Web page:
A Consuming Passion to Keep Buying

Spending remains strong despite job losses. Why? Start with zero-percent auto financing, cheaper energy -- and maybe a dash of post-September 11 psychology

By Rick MacDonald

Analysts were rather pessimistic about how U.S. consumer spending would hold up in the wake of the September 11 terrorist attacks. And indeed, weaker readings for key consumer-sentiment gauges and a deteriorating labor market seemed to point to declines in consumer spending over the fourth quarter of 2001 and this year's first quarter.

A surprising thing has happened, however. Over the past few months, consumer spending has proved resilient, as evidenced by the better-than-expected numbers in the January retail-sales report released Feb. 13 -- a rise of 1.2%, excluding auto sales. It now appears that real consumption in the fourth quarter of 2001 could rise by a hefty 6%, with the trajectory for the 2002 first quarter suggesting a further gain of at least 2% -- if not more.

What's behind this strength? A surge in the auto sector, attributed to the zero-percent financing bonanza, has received most of the attention -- and understandably so. An 81% surge in demand for autos and auto parts helped real durable goods spending rise at a record pace in the fourth quarter, at a seasonally-adjusted annual rate of 38%. But the zero-percent financing boom tells only part of the story. Auto demand has remained surprisingly firm since the expiration of the no-interest incentives, while strength in other sectors has also been impressive.


  Slackening inflationary pressure has also been a key in driving recent consumption trends. In the fourth quarter, energy prices, as measured by the CPI, posted the second biggest quarterly decline in history -- dropping at a hefty 32% seasonally adjusted annual rate (SAAR). And since energy makes up roughly 8% of the consumer-spending basket, such a drop would suggest that consumers could have more than 2.5% of additional spending power at their disposal to allocate towards other goods and services.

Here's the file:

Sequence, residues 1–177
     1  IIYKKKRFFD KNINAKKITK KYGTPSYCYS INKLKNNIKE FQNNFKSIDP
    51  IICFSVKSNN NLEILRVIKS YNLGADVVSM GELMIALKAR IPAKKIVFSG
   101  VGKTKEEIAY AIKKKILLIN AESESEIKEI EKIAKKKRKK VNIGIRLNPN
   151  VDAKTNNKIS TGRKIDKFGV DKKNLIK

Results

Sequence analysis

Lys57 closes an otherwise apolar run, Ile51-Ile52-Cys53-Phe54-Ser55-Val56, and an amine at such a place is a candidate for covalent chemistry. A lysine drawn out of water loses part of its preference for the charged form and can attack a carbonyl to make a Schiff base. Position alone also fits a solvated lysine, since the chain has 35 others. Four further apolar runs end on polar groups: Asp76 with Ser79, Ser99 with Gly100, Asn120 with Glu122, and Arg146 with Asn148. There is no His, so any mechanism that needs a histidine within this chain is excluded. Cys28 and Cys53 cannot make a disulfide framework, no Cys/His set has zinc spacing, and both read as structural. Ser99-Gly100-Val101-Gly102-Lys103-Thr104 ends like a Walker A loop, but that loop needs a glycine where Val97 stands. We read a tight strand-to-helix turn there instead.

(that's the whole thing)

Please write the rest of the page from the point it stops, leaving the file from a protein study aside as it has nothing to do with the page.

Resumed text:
Given the disinflationary (or even deflationary) pressure in other sectors as well, real spending may have received an even larger boost due to price swings alone. Again, it is clear that recent strength can be chalked up to more that just favorable prices and zero-percent financing, as retail sales, excluding auto sales, have posted an average gain of nearly 1% over the past two months.

Much of this strength is likely just a "snap-back" following the dramatic slowdown in spending seen immediately after the attacks. But several other factors also may have come into play.


  Some of the upside surprise in the consumption figures may be attributable to a lag in spending those tax-rebate checks that went out over the summer. Also, the marginal tax rate was dropped again at the start of 2002, which means consumption may have gained the most benefit. The much warmer than normal winter may have provided a further boost, especially in weather-dependent industries like construction. The poor returns from the stock market and near record-low yields of money-market rates may have investors seeing little opportunity cost in consuming now vs. later.

Finally, a psychological shift may also have given a lift, with many having a new sense for the fragility of life after the September 11 attacks. This may have encouraged a carpe diem boost to spending.

While there are certainly many risks ahead for U.S. consumers, recent strength has been undeniably impressive. And given further signs of economic recovery -- and the possibility that investment-loss related tax refunds and smaller tax obligations could be an added source of cash over the near-term -- it's hard to bet against them.

MacDonald is a senior economist for Standard & Poor's/MMS International

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